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10 critical winning habits your company needs to develop

The habits that companies need to develop are different from the personal habits that people develop. Companies focus on things like policies and procedures, but habits usually don’t make the list. As a result, the habits they develop are usually the bad kind — the ones you fall into in the absence of having good habits. So we thought we’d take a look at what the good habits should be.

The habits that a company needs relate to the things they need to do and achieve, but are different from the procedures themselves. If a company has the right habits, it forms a set of expectations, and the procedures become merely how they get fulfilled. The right habits put the focus on results, whereas procedures put the focus on compliance. When the people within a company automatically seek the right results and share the same goals, then the procedures to implement them come naturally.

Here is a list of 10 habits that are critical for companies to win their business pursuits. We’ve divided the list in half, with the first half focusing on the pre-RFP business development phase, and the second half focusing on the post-RFP proposal phase.

Before the RFP is released, be in the habit of:

See also:
Organizational Development
  1. Having a strategic plan that defines the targets for prospecting and using it as a filter to determine which leads to pursue. Not having a strategic plan is at the heart of bad habits that companies develop. It also leads to failure. But having a strategic plan does no good if it sits on a shelf. It has to be a guide and act as a filter to help lead your company to success.
  2. Doing your prospecting according to the strategic plan. Where do people go to find their leads? If you leave it wide open, start by searching databases, or expect someone’s Rolodex to deliver them, you’re setting yourself up for failure. A key purpose of a strategic plan is to guide people to the right territories to look for the right kind of leads. You need your staff to be in the habit of using the strategic plan to guide where and how they do their prospecting. If they ignore the strategic plan, you might as well not have one.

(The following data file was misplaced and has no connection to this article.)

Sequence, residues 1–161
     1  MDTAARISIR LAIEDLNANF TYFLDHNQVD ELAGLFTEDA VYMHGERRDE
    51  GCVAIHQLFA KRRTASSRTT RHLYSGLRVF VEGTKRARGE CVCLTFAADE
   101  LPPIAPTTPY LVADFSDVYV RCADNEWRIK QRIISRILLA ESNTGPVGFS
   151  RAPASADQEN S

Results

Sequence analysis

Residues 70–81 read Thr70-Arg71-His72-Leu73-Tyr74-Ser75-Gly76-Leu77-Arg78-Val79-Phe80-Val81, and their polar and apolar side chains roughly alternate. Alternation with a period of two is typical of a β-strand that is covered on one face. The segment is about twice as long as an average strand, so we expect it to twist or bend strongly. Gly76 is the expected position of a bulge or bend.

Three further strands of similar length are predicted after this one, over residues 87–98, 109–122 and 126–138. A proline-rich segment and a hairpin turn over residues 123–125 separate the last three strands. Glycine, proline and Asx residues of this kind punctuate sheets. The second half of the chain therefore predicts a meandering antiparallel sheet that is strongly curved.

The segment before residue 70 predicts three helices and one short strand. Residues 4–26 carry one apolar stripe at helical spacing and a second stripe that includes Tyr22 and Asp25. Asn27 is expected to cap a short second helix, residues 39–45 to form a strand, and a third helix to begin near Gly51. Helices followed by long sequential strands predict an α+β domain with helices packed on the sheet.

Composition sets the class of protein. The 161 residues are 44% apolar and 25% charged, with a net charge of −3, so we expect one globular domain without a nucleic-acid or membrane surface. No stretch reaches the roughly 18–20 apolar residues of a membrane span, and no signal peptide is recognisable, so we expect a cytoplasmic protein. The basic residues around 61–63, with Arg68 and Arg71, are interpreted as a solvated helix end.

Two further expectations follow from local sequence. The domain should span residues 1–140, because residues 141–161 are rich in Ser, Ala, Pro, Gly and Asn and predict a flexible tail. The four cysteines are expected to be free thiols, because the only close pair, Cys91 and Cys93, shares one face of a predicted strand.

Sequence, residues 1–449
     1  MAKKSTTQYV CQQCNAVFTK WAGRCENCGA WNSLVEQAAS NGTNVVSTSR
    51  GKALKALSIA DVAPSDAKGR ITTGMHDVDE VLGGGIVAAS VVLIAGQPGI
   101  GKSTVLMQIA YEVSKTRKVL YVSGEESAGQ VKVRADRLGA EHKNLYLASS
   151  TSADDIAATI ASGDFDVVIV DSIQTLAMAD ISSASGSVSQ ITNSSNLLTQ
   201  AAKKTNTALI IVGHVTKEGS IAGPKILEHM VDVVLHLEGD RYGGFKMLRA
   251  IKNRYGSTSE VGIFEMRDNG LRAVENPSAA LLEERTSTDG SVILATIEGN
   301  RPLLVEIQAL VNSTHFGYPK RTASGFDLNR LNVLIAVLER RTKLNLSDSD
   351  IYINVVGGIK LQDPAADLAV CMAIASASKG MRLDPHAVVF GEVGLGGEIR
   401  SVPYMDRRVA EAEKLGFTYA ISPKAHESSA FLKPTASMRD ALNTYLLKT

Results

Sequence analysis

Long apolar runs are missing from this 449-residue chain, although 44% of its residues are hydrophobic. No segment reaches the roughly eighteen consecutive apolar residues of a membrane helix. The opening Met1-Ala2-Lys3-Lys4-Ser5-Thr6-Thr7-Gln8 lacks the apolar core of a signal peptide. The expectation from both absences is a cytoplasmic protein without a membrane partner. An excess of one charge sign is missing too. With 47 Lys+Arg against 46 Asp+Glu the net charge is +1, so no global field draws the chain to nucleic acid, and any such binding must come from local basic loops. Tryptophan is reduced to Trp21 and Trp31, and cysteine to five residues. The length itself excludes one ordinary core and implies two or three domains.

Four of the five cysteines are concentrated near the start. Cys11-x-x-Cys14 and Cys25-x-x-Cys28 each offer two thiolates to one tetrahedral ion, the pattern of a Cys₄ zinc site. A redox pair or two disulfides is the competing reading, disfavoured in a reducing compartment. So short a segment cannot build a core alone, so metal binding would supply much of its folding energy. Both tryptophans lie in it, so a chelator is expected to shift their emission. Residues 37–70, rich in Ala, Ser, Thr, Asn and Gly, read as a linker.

3. Measuring how many leads you reject, get cancelled, or no bid and using this to refine future pipeline targets. The first time you chart your pipeline, you’ll have to make up a lot of numbers. But in the future you want to be able to base all the numbers on hard data. Getting into the habit of tracking that data will not only make future targeting more accurate, it will also keep people from developing bad habits, like bidding everything they find.
  4. Measuring progress during lead pursuit. If you don’t measure your progress during lead pursuit, then you have no way of knowing whether you are making any progress. Too many companies are in the habit of having regular meetings where they report on the leads they are tracking, but don’t actually measure the progress. All they do is talk about “what’s new” and pretend that they're on track because they can identify it as a lead. But when the RFP is released they’re never ready. The way to measure lead pursuit progress is to identify what it takes to be ready to win and measure how much of it you’ve accomplished. Our methodology for conducting Readiness Reviews is available from the win before the RFP is even released.

After the RFP is released, get in the habit of:

  1. Defining quality, the criteria to use to assess it, and what it will take to win before writing starts. If you can’t say what proposal quality is, what you're looking for when you review the proposal, and what it will take to win, then you’re not ready to start writing. Think first. Write second. You can’t figure it out by writing about it. That just uses up time producing an inferior document. How to define proposal quality and a set of criteria for assessing it are both available in the generic proposal reviews do not lead to successful proposals. All of your work defining quality criteria and building a Proposal Content Plan around them provides that standard. All you need to do is compare the draft narrative proposal to the original Proposal Content Plan to make sure that they are all there. Proposal Quality Validation is another topic that is addressed in the PropLIBRARY Knowledgebase.
  2. Establishing traceability from the draft to what it will take to win, all the way back to your strategic plan. This brings it all together so that each step reinforces the others. When you have the right habits, then doing the right things becomes easier. Each step helps the next and provides the feedback you need to continuously improve. If you can get away with ignoring or skipping any step, then that step wasn’t really vital. In the same way, having some good habits isn’t enough. Taken as a whole, they add up to success. Leave something out and it adds up to… well, something less than success.


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More information about "Carl Dickson"

Carl Dickson

Carl is the Founder and President of CapturePlanning.com and PropLIBRARY

Carl is an expert at winning in writing, with more than 30 year's experience. He's written multiple books and published over a thousand articles that have helped millions of people develop business and write better proposals. Carl is also a frequent speaker, trainer, and consultant and can be reached at carl.dickson@captureplanning.com. To find out more about him, you can also connect with Carl on LinkedIn.

Click here to learn how to engage Carl as a consultant.

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